On Prince's latest, the funk is outweighed only by the bunk. So where to begin making sense of this incomprehensible mess?
How about with the "caution--genders merging" symbol that is the album's title? Or should our quest begin with the baffling story line of his "fantasy rock soap opera," in which Prince seduces a virginal yet hot-to-trot Middle Eastern princess, i.e., his latest "protegee" ( nudge nudge ), teen-age belly dancer Mayte?
Should we try to decipher the cryptic dialogues between Prince and Kirstie Alley, who plays a reporter hot on his cute tail?
How about the sudden burst of apocalyptic religion in "7," following so much veritable soft porn? Since Prince refers so often and obliquely to "another world," should we ask whether they have nonstop oral sex there too?
And what \o7 is\f7 it with the recurring homages to \o7 Roger Vadim?\f7
Although there's some sort of underlying narrative here--soon to be further explored in a DC comic book (no joke!)--it seems a random mishmash of silly ideas set to irresistable beats, roughly corresponding to Prince's usual ratio of 90% flesh, 10% spirit.
(There's a little more flesh in the "unedited" edition; those who purchase the "edited" album are denied the privilege of Prince de-abbreviating "Sexy MF.")
For the second album in a row, Prince has largely left behind his studio innovation for the derivative pleasures of his hip-hop-informed band, the N.P.G. The "live" horn section hearkening back to James Brown is a terrific touch. The accessible combination of rap interludes on heavier numbers and sweet saxes on ballads guarantees he'll continue to woo back the mass audience he alienated around "Lovesexy."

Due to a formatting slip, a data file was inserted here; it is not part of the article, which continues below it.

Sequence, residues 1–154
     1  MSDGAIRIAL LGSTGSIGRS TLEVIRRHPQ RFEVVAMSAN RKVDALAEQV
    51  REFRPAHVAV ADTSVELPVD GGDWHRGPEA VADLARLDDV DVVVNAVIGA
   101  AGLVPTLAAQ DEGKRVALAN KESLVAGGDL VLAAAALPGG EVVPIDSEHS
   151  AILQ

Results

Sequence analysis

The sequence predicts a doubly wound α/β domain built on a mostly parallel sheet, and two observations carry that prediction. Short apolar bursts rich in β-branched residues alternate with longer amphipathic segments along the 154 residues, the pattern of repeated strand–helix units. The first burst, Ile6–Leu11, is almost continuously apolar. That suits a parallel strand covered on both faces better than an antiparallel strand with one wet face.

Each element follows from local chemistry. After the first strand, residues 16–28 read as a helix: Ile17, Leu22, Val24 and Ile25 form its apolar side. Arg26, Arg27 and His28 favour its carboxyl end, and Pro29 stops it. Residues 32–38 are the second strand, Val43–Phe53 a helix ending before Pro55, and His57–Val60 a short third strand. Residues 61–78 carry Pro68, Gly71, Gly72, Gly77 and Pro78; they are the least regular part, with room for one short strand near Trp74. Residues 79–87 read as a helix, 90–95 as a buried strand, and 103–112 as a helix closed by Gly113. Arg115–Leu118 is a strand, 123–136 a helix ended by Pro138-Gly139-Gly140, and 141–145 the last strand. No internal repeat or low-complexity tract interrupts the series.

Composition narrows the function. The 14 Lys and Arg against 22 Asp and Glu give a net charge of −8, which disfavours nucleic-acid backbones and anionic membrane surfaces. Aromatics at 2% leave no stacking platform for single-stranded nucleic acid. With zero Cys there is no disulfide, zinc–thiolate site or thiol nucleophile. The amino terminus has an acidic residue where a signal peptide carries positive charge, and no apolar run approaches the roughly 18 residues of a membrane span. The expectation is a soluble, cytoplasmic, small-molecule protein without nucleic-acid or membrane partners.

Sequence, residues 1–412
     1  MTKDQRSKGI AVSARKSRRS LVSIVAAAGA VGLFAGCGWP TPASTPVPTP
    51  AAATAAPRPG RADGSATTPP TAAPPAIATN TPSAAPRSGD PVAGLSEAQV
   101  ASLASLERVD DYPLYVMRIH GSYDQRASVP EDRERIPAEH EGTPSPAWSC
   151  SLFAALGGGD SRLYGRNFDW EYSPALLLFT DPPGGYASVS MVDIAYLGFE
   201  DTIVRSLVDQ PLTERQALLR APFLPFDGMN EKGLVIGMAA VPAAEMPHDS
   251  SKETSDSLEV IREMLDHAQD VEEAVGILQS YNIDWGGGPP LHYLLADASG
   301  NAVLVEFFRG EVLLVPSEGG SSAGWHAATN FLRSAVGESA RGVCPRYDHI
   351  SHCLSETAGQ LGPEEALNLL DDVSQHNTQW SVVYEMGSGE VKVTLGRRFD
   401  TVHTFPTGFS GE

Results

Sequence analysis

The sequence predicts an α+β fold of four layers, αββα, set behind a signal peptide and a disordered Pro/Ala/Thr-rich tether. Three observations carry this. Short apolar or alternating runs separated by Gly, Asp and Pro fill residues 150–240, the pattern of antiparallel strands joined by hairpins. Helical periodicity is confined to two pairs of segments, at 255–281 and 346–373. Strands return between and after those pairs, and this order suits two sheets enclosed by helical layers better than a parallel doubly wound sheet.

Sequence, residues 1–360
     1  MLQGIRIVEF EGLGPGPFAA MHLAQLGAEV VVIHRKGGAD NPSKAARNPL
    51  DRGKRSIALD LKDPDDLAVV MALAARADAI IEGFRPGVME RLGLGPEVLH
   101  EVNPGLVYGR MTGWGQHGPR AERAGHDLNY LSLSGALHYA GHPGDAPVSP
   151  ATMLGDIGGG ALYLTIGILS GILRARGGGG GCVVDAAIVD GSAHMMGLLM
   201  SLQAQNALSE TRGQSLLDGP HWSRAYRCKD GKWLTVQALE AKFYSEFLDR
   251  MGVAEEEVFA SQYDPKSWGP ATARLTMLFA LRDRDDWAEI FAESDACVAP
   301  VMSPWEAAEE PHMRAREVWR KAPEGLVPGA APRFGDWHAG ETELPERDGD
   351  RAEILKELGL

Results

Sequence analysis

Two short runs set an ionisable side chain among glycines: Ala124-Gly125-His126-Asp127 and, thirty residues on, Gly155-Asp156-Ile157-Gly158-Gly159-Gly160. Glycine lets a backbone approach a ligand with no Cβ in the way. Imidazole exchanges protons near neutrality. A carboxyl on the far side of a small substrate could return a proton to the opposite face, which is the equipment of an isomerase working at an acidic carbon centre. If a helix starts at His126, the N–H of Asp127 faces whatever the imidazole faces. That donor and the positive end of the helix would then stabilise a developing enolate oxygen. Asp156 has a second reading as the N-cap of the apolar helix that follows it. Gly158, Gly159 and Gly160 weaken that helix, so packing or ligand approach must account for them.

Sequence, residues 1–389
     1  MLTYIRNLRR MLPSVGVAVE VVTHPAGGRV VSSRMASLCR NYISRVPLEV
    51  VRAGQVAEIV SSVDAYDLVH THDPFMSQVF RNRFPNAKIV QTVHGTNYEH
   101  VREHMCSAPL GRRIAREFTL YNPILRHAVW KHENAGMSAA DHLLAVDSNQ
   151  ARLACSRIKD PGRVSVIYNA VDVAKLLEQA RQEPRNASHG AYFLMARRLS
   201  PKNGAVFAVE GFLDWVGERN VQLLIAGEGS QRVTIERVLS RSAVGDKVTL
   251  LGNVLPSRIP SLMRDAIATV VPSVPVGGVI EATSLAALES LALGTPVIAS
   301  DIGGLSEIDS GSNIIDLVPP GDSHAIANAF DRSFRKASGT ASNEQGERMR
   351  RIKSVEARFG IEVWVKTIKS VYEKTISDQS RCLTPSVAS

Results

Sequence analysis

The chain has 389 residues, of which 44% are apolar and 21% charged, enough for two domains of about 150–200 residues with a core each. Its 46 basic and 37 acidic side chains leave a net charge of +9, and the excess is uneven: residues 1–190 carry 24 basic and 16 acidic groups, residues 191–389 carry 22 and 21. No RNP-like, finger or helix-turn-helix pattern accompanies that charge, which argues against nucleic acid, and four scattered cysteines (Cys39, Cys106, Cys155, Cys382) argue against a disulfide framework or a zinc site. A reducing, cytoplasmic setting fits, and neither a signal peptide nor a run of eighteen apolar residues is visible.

But the ham keeps getting in the way of the jams. And look out when the concept starts rearing its pretentious head: The multi-part "3 Chains O' Gold" is redolent of nothing so much as a witless "Bohemian Rhapsody."
Prince has always been indulgent, but this is a pedestrian indulgence. Formerly a horny gnostic of fascinatingly obsessive proportions, he now seems like just another confused Peter Pan with Playboy on the brain and a Bible in the hotel drawer. As the brothers Doobie once said, what were once vices are now habits.
\o7 New albums are rated on a scale of one star (poor), two stars (fair), three stars (good) and four stars (excellent).\f7